Running Into the Horizon by David Drebin

David Drebin captures animals, like no one else can.  Alive and buzzing with color, Drebin’s “Horses” series will transform how you these majestic animals.

Created

2014

Size

30×45

Signed

Yes

Medium

Digital C Print

Genre

Fashion

Running Into the Horizon by David Drebin

David Drebin captures animals, like no one else can.  Alive and buzzing with color, Drebin’s “Horses” series will transform how you these majestic animals.In a unique manner, David Drebin’s work combines voyeuristic and psychological viewpoints. He offers the viewer a dramatic insight into emotions and experiences, and the distinctive tension and depth in Drebin’s pictures arise from the free combination of such differing topics as humor and sex, melancholy and sex, and melancholy and humor.

About Drebin:

Born in Toronto in 1970, David Drebin lives and works in New York.

After graduating from the Parsons School of Design in New York City in 1996, David Drebin rapidly made a name for himself as an internationally renowned photographer by creating portraits of celebrities. His first solo show in Berlin in 2005, soon followed by the publication of his book “Love and Other Stories” in 2007 confirmed his status as a fine-art photographer. Staging dramatic icons within opulent cityscapes from New-York to Hong-Kong, Drebin’s pictures tell us a story. Real stills excerpted from a movie, they depict its climax, that very moment when everything is about to change. Indeed, the profound cinematographic nature of Drebin’s work is to be linked to his inclination for topics such as melancholy, humor and sex. Both voyeuristic and psychological, his creations have the ability to resurface deeply buried emotions within each and every one of us.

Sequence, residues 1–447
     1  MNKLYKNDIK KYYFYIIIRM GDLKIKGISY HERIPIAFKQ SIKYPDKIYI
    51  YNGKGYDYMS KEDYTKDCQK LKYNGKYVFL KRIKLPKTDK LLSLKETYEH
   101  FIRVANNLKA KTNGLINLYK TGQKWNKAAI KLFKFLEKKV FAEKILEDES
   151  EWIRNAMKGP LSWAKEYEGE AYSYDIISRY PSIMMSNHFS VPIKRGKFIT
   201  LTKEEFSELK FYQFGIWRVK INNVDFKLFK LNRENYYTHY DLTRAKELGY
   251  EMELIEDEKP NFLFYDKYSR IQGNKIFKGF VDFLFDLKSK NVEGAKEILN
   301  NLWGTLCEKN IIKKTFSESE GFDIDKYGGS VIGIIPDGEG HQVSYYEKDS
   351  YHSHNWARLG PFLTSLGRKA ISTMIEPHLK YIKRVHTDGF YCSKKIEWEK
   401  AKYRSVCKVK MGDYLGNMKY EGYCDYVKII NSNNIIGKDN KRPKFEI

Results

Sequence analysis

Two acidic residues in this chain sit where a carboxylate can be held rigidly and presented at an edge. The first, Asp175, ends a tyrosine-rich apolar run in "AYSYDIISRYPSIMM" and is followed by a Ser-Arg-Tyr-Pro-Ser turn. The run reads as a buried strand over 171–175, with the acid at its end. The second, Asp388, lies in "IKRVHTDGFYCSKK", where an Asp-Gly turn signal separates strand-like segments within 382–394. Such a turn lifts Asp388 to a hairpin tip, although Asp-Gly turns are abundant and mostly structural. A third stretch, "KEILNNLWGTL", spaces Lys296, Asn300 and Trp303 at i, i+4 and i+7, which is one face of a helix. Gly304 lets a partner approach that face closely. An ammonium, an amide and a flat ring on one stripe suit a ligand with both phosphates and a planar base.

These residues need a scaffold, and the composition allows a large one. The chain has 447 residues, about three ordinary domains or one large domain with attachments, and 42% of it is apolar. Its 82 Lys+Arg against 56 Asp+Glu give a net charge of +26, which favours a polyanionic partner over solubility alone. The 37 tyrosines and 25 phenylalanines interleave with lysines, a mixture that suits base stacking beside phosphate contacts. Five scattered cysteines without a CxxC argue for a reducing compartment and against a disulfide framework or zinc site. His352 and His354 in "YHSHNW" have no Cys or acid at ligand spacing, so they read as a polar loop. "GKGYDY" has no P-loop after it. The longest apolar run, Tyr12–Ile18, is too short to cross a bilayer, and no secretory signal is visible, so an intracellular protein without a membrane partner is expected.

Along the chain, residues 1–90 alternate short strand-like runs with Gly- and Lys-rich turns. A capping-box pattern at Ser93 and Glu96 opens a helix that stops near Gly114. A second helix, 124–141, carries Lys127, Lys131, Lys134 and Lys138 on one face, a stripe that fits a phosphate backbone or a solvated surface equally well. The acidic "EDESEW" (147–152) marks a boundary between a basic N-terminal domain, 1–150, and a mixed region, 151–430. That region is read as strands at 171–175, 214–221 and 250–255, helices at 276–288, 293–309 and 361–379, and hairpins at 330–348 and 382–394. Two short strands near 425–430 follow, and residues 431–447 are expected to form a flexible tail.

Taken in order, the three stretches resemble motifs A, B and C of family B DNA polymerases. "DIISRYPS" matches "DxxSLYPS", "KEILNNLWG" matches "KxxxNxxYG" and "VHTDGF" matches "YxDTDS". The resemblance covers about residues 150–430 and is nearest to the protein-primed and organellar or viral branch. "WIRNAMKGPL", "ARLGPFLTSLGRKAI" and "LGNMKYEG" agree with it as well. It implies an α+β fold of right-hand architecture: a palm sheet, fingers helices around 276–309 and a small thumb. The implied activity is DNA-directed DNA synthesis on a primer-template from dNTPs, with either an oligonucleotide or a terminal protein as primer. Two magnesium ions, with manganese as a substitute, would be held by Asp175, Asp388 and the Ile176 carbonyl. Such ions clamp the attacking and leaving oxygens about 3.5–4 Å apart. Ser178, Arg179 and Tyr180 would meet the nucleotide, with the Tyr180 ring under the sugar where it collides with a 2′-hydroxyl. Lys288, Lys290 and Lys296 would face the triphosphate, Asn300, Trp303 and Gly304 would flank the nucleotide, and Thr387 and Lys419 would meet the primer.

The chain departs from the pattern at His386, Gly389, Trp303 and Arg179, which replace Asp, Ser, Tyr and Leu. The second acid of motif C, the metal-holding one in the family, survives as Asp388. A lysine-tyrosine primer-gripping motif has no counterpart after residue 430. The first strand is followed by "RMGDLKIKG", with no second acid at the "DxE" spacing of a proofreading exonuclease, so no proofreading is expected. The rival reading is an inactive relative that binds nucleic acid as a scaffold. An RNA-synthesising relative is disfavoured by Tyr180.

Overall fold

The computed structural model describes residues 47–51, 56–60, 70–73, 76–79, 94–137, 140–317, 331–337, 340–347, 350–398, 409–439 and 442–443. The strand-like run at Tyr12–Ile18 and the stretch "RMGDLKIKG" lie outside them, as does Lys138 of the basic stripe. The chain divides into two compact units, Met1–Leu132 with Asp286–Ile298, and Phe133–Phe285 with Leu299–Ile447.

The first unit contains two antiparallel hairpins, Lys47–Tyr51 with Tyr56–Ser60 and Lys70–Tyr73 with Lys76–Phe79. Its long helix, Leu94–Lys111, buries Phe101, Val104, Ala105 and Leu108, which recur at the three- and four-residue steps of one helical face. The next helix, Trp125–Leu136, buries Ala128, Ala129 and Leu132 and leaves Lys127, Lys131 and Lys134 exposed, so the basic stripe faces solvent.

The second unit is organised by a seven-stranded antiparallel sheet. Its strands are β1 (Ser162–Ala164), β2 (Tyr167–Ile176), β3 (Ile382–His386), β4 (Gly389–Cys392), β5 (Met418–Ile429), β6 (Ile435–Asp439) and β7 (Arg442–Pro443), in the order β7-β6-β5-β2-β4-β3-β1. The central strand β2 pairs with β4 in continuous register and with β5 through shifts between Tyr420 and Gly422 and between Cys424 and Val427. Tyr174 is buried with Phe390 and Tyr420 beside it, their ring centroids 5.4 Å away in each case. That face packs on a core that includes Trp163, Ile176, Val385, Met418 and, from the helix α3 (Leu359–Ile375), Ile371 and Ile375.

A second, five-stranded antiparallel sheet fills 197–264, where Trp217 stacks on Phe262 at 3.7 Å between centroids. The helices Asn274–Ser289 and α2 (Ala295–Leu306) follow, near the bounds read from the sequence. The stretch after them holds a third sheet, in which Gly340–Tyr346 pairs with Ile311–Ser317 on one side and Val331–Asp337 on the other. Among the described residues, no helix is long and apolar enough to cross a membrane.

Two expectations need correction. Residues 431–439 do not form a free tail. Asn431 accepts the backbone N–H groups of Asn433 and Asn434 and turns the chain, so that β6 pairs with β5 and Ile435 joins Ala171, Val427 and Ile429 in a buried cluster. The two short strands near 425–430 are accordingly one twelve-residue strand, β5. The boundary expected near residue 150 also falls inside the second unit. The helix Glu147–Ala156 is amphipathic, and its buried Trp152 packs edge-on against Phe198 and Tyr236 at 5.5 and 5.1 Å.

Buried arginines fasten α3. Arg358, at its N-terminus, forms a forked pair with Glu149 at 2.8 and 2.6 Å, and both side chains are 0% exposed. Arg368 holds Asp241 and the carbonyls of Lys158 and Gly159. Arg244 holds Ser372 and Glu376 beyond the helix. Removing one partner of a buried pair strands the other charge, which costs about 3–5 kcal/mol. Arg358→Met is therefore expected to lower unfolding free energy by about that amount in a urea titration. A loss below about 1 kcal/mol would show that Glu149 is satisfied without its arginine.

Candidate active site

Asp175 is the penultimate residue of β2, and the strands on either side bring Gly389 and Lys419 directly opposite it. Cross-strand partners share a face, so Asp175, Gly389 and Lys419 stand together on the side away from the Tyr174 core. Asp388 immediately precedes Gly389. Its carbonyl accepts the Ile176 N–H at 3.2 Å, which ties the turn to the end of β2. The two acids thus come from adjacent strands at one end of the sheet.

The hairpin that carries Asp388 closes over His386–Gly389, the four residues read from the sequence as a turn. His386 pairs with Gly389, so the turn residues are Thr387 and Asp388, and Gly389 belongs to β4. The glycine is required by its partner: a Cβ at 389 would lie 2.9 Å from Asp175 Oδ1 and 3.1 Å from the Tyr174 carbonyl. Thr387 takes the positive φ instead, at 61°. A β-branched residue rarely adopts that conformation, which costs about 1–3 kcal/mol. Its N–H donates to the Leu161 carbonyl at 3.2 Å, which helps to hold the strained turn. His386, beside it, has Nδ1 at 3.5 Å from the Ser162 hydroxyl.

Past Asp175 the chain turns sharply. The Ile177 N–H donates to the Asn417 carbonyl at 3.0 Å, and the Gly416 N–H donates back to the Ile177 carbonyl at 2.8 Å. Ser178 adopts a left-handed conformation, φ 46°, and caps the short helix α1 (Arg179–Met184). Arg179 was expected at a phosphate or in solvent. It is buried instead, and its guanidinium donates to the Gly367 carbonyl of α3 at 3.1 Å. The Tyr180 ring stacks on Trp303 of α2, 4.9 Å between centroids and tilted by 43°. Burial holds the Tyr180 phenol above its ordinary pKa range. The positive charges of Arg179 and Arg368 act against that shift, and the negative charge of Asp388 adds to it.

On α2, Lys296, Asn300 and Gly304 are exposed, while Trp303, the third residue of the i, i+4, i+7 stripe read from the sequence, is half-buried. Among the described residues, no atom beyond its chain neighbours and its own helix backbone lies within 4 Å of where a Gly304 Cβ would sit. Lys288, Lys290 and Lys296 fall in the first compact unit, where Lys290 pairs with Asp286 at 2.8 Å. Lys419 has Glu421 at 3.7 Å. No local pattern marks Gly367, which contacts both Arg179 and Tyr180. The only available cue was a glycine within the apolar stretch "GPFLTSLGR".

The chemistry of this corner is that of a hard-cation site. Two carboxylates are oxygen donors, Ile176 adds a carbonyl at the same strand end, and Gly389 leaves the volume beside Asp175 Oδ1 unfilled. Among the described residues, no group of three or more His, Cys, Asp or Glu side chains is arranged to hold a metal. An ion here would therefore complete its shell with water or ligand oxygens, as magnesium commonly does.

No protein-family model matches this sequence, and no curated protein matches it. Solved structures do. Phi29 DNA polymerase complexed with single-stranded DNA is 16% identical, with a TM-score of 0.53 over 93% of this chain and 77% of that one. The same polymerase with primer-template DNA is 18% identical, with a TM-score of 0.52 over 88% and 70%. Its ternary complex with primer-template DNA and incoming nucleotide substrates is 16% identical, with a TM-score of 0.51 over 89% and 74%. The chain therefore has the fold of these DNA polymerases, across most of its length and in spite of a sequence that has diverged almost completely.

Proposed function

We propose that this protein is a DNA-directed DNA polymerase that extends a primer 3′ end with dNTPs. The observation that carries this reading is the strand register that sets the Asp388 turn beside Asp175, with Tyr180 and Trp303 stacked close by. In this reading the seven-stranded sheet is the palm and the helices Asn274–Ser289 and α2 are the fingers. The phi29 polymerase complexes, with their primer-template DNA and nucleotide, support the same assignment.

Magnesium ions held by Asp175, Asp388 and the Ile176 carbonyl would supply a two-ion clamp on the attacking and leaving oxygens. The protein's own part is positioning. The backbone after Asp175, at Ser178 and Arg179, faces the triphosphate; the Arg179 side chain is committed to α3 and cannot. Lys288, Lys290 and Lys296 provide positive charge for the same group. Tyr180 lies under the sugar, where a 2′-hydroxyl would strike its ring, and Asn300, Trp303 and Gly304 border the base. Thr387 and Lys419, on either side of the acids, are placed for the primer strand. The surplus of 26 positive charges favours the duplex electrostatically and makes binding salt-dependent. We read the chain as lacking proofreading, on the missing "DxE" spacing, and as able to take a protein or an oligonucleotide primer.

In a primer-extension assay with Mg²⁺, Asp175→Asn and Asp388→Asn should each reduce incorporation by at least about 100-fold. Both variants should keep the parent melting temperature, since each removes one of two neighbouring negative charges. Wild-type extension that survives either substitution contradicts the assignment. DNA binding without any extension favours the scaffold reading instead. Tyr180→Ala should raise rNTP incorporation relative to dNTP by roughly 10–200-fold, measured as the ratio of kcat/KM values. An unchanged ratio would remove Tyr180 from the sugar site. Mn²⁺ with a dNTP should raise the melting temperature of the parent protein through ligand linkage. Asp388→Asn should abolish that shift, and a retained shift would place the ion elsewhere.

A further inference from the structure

Regularly published by TeNeues, his books are often paired with exhibitions in the most prestigious international galleries and art fairs from Miami to Istanbul, alongside with legendary artists like Helmut Newton and Chuck Close. Collected worldwide, some of his photographs have reached record prices, such as “Central Park”, which was sold for $78,000 dollars,  at Art Miami in 2010

 
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